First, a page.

“A brilliant dog, Patches. She’d proven her smarts on the street as a very artful and independent little pup before she decided we were going to take her in. You remember she used to come back from Union Turnpike munching on a chicken carcass she’d find behind the bar?”
She was a smart dog, alright. I remember one time she was not so smart, though, or at least, not very prudent.
“Yosemite National Park,” said the skeleton.
Yup. We were stopped in a line of cars on that leafy road.
“I remember it vividly,” said the skeleton.
I know, this is for the reader. Several cars were stopped in front and behind us as we came upon a small group of roadside bears, up on their hind legs, begging. There were signs all over the park about not feeding the bears, and every ranger reminded us of that warning, but some of these shameless hustlers still managed to get fed. You and mom were obeying the law, as you most often did, and the car windows stayed rolled up. A gigantic dark reddish brown bear was standing by mom’s window, to us it looked like a grizzly bear, it seemed to be about seven feet tall, and Patches, who was on mom’s lap, lunged toward the bear.
“Heart in mouth moment,” said the skeleton.
The bear wasn’t about to take this shit from some little pampered pooch in a car and it swung an enormous paw at mom’s window. The paw was almost the size of the entire window, and you could see the gigantic, sharp claws and the huge light brown pads on the underside of it as it pounded against the glass.
“It seems like a miracle the glass didn’t shatter,” observed the skeleton.
It does, and thinking of it now, I suppose the very size of the paw may have been a decisive factor. The weight of the hit was apparently distributed across the glass enough that the glass didn’t shatter. Then again, Physics was the only course I truly had no idea what was going on in.
“Lucky for you that pinko you had in high school thought you were a cool kid and passed you anyway,” said the skeleton.
Well, as you know, I’ve always been an extremely lucky bastard.
“As were we all that day in Yosemite. Jesus that was a scary moment,” said the skeleton.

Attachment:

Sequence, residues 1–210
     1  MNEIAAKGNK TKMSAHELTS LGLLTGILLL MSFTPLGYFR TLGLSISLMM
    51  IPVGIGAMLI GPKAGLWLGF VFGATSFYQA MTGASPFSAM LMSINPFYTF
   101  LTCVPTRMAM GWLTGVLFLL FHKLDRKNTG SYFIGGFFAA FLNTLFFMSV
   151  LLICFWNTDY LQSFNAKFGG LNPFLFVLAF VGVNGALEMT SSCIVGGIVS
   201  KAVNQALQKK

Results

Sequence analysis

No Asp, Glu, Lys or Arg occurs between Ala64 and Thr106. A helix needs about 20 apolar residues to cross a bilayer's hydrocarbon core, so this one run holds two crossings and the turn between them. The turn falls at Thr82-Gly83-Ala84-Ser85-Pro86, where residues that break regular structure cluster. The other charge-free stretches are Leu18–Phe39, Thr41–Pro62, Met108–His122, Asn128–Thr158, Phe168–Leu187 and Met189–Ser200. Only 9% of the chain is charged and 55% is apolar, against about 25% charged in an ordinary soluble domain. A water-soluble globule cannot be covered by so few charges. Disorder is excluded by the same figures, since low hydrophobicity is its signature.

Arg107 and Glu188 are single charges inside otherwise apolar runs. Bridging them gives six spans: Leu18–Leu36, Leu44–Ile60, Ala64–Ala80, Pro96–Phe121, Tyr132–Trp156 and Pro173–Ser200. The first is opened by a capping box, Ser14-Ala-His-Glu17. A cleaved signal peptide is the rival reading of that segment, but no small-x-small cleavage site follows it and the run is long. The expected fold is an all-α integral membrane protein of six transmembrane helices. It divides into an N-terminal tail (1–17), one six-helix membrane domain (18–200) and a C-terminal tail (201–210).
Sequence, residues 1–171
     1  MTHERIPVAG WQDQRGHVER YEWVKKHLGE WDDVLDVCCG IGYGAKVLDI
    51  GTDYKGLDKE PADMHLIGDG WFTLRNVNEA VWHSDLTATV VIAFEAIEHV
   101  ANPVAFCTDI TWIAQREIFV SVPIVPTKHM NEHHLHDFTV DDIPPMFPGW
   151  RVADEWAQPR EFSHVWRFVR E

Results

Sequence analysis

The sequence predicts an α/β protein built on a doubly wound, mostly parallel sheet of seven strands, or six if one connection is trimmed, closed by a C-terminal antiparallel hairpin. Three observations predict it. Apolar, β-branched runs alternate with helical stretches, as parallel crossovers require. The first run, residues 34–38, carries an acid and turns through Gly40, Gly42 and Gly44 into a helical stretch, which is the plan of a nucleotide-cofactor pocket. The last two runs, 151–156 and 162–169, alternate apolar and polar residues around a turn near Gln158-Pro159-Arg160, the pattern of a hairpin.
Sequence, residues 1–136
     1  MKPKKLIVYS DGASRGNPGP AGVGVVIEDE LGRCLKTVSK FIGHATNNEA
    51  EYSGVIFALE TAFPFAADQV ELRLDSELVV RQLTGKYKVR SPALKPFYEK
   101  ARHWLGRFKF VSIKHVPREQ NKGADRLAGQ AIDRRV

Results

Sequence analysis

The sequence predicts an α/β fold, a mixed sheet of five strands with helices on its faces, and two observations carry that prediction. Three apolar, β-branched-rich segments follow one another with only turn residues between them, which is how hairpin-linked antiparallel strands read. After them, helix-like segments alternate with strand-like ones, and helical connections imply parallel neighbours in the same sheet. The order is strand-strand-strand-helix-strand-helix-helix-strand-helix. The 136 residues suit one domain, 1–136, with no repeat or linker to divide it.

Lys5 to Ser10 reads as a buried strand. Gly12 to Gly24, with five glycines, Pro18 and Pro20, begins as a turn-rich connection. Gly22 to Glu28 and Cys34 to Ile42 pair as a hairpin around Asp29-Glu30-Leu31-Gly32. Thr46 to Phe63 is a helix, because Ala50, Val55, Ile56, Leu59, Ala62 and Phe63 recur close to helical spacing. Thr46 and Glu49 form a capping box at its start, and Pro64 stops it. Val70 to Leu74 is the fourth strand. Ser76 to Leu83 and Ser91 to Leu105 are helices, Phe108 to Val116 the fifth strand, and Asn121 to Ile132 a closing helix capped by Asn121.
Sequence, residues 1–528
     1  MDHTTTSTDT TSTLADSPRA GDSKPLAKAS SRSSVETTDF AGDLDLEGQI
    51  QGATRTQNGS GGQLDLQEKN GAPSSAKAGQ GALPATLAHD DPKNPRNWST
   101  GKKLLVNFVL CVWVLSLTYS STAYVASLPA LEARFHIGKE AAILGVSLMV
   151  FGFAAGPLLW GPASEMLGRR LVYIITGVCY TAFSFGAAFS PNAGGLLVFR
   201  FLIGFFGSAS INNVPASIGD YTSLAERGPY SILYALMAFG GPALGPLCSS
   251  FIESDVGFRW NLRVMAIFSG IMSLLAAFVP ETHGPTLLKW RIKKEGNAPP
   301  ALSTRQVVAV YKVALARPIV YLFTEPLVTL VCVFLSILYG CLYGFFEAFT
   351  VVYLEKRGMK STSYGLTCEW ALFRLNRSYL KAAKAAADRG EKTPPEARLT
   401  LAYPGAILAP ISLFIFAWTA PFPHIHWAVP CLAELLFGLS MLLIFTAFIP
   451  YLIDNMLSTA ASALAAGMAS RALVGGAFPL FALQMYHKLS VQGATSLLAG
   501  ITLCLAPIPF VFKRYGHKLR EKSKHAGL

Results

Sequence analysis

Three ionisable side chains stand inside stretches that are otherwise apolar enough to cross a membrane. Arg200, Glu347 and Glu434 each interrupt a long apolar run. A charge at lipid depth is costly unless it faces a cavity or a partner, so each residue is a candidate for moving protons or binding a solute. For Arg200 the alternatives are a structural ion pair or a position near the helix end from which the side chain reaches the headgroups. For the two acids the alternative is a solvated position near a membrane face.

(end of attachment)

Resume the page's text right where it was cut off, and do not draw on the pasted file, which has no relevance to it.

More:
Indeed. Anyway, it was a hot summer, literally thousands of miles in the car, sweltering in places like St. Louis, and I recall that huge bag of M & Ms we had in the car turning to mush. We started saying “melts in the bag, not in your hand” as a riff on their ad: melts in your mouth, not in your hand.
“Well, that was before the age of air-conditioned cars. And it was the height of summer. We stayed out of the heart of the Old Confederacy, where it was really, really hot, in more ways than one. We were heading across country, after all, but we stayed out of the deep South deliberately too. That AAA guide would have also needed to tell us which hotels allowed Negroes, and Jews, along with kids and dogs. The Klan still ran much of the south and there were no federally enforced anti-lynching laws yet,” the skeleton shook his head. “We were already post-racial back then, see, there was no need to protect the good Negroes who did what they were told. If some angry asshole Negro got out of hand, too uppity, well, it was a state’s right to deal with a bad apple like that as they saw fit.”
I remember passing some share croppers’ shacks on the side of the highway somewhere down south. Raggedy little black kids moving around outside these tar-paper hovels. That may have been on a trip to Florida, though, I think it was in South Carolina.